(NOTE FROM HARLEY: This was originally written as an MD Anderson post, but was rejected by the editors. They decided they did not want references to the moon landings on their new “Moon Shots” site. I’ll share it with you even though it is a bit outdated.)
I remember it well. The year was 1969. My wife and I were living in our trailer on the campus of Lincoln Christian College. We had visited my Mom and Dad that day in July. We brought home an old Admiral TV, black and white, of course. Melanie couldn’t understand my enthusiasm. It was late in the evening, after dark. I rushed to get that heavy TV into the house and hooked up in my tiny office. I wanted to watch the first man step onto the moon.
I’m a science buff. I had to see this historic event. I plugged the unit in and raised the rabbit ear antenna. I sort of had a signal from the nearest TV station some 40 miles away. I fiddled with the antenna again. Better. I ran to the kitchen for some aluminum foil. That helped. I sat mesmerized as Neil Armstrong took the first tenuous step off the ladder of the Eagle lunar lander. Then, the snowy picture erupted with Armstrong’s famous statement: That’s one small step for man… one giant leap for mankind.” Yes, it was late. Yes, I had classes the next morning. I didn’t care. This was history in the making. I watched as the flag was planted. I watched as moon rocks were collected and stowed. I watched as Armstrong and Buzz Aldrin made their way back into the lander.
Then I went to bed, tired but happy.
In a small way, I feel like Armstrong. I am embarking on a journey where few men and women have gone before. I am stepping carefully into the world of human testing, a clinical drug trial. Like our original moon walkers, I don’t know the end result, but I do know how it is supposed to work. I take the drug. My chronic lymphocytic leukemia (CLL) goes away, either completely or enough for a stem cell transplant, and I am healed. For me, this is the one small step for Harley, and one giant leap for CLL patients.
As I write this, I have just finished a long day of pre-trial testing. The day started at 9:00 AM with signing the protocol documents after which I was handed a white shopping bag filled with an orange plastic bottle and a disposable urinal. Thus started the 24 hour urine collection. This was followed by the mandatory blood draw, supplemented by additional draws because I volunteered for the research option of the program. I’ve never seen so many tubes filled with my own blood. The last time I “donated” that much was when I gave blood at the local blood bank.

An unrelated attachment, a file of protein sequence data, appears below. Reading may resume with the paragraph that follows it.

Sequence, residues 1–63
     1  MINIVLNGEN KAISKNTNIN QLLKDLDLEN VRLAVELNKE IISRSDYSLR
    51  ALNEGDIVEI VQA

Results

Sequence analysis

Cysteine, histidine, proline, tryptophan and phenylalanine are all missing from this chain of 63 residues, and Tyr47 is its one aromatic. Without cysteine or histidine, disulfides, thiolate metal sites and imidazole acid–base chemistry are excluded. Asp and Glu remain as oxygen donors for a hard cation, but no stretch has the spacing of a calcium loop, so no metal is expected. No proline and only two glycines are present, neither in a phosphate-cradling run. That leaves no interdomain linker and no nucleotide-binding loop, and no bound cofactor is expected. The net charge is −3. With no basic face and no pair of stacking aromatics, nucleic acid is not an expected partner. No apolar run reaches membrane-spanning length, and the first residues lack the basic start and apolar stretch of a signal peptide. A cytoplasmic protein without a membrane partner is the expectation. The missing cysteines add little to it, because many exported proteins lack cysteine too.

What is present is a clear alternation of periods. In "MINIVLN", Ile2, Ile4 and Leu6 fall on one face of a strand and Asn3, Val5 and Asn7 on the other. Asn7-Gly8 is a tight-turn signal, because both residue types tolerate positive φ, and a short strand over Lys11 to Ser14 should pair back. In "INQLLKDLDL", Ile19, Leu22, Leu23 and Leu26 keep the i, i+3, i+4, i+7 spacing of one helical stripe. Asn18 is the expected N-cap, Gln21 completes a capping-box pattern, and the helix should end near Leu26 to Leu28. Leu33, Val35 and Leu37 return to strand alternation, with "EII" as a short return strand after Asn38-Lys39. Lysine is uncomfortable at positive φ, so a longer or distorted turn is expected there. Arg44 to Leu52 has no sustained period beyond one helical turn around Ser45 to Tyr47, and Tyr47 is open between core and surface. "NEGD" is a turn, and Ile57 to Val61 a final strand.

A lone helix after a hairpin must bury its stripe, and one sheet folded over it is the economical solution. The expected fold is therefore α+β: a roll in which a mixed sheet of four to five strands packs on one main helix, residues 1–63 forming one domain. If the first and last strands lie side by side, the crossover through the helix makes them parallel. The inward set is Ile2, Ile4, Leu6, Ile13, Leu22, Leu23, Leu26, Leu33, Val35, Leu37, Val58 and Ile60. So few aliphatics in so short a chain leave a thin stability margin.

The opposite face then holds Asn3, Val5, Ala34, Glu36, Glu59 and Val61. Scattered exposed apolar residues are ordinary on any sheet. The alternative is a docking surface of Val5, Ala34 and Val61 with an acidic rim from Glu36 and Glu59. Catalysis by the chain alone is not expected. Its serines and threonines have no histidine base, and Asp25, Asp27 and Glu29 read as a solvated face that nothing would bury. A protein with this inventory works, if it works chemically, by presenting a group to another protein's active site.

We, Melanie and I, had a bit of down time for lunch and exploring the facilities at MD Anderson. We found the Patient and Family Services suite on the second floor where computers, fax machines, and ice water are available. I iced down my collection bottle, it had to be refrigerated or iced at all times.
Next, we visited with Dr. Weirda, the physician in charge of the drug trial. By this time, everything was running late, and we had a 5:00 PM appointment at the Outpatient Radiology Center down the street a ways. We huffed our way there and were only five minutes late. Exhaustion was beginning to set in. We waited some more before a nice redheaded nurse called me in for an “interview”. She asked which I option I preferred for the contrast material. I asked what the options were. Fruit juice or Barium. I had always taken the white chalky Barium. My home hospital gave me no choice. I chose Cranberry juice – about 32 ounces of it.
Then we waited, and waited. It takes about an hour for the contrast to make its way through the system. Finally I was called back and ordered to strip and put on scrubs. After the change, I was infused with fluids, something every cancer patient is very familiar with. At long last, I was ushered into the CT lab and began the final phase of the testing. CTs of my body from groin to head. “Hold … your … breath.” Ten seconds later, “Breathe.” If you’ve had a CT scan, you know what I’m talking about. This was followed by chest X-rays before I was allowed to strip out of the scrubs and slip on my own clothes. We left MD Anderson at 8:00 PM.
Of course there was still the urine collection through the night and delivering it to Fast Track lab this morning. Now the wait begins to see for sure that I am accepted into the trial.
Apollo 11 was a huge success. Apollo 13, not so much. So I am in Houston, and the last words I want to hear or utter are, “Houston, we have a problem.”